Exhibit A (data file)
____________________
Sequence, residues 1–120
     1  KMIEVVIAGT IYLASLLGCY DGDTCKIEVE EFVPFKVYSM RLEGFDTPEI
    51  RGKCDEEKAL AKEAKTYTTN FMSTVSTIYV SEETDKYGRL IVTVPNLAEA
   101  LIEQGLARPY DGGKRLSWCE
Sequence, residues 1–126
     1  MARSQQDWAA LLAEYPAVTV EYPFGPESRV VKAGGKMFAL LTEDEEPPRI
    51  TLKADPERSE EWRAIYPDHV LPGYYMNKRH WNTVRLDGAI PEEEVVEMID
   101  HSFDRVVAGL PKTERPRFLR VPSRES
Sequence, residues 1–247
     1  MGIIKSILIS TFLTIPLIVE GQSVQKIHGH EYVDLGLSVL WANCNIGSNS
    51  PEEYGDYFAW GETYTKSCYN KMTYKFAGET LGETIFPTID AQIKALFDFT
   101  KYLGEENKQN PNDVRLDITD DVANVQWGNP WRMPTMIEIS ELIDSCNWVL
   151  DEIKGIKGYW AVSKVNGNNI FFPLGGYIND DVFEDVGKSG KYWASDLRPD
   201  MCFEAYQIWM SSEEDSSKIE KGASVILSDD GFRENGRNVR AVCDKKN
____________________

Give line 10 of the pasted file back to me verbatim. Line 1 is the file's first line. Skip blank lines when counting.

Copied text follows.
     1  MGIIKSILIS TFLTIPLIVE GQSVQKIHGH EYVDLGLSVL WANCNIGSNS